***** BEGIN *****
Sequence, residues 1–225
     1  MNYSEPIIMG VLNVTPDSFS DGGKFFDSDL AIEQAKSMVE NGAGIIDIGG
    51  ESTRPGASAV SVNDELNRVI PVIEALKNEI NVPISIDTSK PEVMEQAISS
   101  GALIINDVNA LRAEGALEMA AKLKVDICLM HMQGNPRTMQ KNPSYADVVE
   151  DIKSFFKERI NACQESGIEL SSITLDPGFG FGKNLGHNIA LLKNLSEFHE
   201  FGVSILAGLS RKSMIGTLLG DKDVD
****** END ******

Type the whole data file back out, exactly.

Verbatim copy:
Sequence, residues 1–225
     1  MNYSEPIIMG VLNVTPDSFS DGGKFFDSDL AIEQAKSMVE NGAGIIDIGG
    51  ESTRPGASAV SVNDELNRVI PVIEALKNEI NVPISIDTSK PEVMEQAISS
   101  GALIINDVNA LRAEGALEMA AKLKVDICLM HMQGNPRTMQ KNPSYADVVE
   151  DIKSFFKERI NACQESGIEL SSITLDPGFG FGKNLGHNIA LLKNLSEFHE
   201  FGVSILAGLS RKSMIGTLLG DKDVD